I have weeks where I’m so active – @ and post – and there’s hardly interaction back. So, naturally, it started to affect my want to write at all.

      3. I think they’ve changed the algorithm.
        I took a break for a while because I found it too distressing. People used to be fun and post silly things but now if someone posts something silly it seems to turn into a fight. There’s nothing but people complaining.
        Anyway, I got no interaction on my posts when I went back. I don’t think anyone saw them. Only getting visibility now that I schedule 7+ tweets a day. It’s killing me!

      4. I realized most of my tweets as of late were complaints of things I wanted to rant about. I ended up deleting most of them after the fact, but I’m really reconsidering not only my Twitter involvement, but my writing journey as well.

        Maybe if I delete Twitter and start over (much later in the future), I would’ve written something by then?

      5. Try to remember why you like writing in the first place. Write for that, worry about audience and publication later.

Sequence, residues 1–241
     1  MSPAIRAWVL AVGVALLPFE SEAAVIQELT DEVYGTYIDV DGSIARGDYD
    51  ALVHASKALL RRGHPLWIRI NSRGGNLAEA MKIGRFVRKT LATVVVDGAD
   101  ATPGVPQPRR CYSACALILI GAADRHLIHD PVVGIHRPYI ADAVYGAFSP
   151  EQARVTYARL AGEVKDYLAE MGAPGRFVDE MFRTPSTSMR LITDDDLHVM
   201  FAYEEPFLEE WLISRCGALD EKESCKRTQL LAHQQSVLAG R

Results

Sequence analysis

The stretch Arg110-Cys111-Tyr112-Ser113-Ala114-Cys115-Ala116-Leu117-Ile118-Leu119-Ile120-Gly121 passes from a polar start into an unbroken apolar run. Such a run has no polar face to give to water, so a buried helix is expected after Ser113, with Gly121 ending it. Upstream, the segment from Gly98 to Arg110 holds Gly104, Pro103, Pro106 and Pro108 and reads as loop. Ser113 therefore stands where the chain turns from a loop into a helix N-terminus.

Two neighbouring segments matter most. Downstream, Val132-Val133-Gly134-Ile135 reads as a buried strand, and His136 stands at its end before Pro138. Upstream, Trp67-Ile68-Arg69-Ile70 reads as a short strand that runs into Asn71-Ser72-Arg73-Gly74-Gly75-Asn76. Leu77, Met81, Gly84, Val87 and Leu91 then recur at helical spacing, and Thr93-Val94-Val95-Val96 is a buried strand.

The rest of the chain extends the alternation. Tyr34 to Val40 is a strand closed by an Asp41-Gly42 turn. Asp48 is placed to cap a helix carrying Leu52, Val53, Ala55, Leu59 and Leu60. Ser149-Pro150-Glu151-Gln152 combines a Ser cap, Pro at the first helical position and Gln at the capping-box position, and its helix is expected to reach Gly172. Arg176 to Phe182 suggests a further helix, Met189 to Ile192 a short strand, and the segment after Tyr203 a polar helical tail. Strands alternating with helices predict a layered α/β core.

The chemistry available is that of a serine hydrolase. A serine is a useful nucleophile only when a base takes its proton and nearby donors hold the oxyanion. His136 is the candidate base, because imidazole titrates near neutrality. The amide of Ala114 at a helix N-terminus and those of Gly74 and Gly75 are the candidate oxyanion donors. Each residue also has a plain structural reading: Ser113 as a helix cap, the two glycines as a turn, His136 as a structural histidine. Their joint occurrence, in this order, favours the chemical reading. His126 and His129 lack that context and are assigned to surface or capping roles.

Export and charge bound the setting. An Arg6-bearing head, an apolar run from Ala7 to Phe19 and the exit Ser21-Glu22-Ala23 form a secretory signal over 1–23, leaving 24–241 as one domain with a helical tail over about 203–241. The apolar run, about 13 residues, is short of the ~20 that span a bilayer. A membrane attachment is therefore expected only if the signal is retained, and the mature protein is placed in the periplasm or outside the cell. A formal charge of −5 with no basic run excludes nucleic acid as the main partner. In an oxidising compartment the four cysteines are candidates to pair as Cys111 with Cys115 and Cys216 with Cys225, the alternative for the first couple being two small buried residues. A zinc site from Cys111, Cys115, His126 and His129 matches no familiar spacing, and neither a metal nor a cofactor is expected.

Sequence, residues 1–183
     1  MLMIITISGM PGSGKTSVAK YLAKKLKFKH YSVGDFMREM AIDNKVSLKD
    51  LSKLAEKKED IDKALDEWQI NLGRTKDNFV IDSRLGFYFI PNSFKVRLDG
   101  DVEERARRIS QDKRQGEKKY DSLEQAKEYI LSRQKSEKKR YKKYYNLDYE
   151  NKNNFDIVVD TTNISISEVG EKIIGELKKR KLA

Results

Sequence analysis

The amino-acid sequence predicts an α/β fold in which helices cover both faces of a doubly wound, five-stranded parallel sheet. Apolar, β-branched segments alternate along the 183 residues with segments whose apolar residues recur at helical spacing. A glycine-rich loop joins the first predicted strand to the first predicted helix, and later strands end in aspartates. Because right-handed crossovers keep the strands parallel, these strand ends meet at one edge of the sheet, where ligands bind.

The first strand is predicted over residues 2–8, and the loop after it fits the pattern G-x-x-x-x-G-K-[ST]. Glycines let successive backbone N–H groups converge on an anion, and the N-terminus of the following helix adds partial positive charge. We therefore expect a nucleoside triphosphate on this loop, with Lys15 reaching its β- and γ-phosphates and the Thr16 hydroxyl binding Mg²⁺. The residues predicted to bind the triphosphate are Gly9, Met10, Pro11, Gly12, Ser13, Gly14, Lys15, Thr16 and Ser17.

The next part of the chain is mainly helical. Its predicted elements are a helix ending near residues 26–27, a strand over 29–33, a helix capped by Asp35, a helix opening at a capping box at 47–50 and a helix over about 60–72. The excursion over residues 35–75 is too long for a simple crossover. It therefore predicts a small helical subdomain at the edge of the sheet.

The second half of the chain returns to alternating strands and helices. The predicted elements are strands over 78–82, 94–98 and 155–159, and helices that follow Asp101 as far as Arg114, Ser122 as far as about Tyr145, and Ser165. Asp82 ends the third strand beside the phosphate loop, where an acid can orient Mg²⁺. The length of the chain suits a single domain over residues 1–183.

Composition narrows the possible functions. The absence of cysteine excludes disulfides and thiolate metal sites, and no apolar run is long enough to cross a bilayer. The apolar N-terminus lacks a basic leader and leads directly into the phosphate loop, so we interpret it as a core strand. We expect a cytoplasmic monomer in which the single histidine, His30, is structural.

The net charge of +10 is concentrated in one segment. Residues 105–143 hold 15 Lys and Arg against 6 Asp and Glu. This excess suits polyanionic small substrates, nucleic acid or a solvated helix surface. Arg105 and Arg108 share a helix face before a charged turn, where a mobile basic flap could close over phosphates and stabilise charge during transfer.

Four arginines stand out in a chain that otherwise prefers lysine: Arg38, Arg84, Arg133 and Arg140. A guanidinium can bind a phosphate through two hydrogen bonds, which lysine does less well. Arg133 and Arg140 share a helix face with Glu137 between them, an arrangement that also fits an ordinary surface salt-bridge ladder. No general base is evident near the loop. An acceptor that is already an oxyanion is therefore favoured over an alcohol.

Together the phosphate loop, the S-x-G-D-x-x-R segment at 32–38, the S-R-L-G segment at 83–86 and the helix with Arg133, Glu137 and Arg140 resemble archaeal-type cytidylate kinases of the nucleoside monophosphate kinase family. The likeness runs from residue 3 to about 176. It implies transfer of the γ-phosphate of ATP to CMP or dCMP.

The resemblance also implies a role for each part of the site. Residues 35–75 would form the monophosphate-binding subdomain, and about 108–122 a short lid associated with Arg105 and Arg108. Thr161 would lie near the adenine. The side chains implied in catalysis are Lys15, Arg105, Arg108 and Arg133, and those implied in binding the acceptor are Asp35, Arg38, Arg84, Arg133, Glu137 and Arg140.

Recently, because of social media, I’ve felt that my books are unlikely to do very well because I don’t seem to have anything in common with the majority of (the internet using) population. I’ve always felt weird, but now I feel even more so.
        Strangely enough, it’s given me a lot of freedom to write and publish my books. Realizing that I’m always going to be on the periphery has reduced a lot of anxiety. I enjoy writing my little stories and I hope they’ll connect with someone else and help them like books have helped me.
        Please write your stories because no one else can write like you. Know you have one reader in me.

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Budding #historian. Writer of #adventures and #sciencefantasy. Lover of mushrooms and libraries. Fan of #chocolate, #books and Pennsylvania history.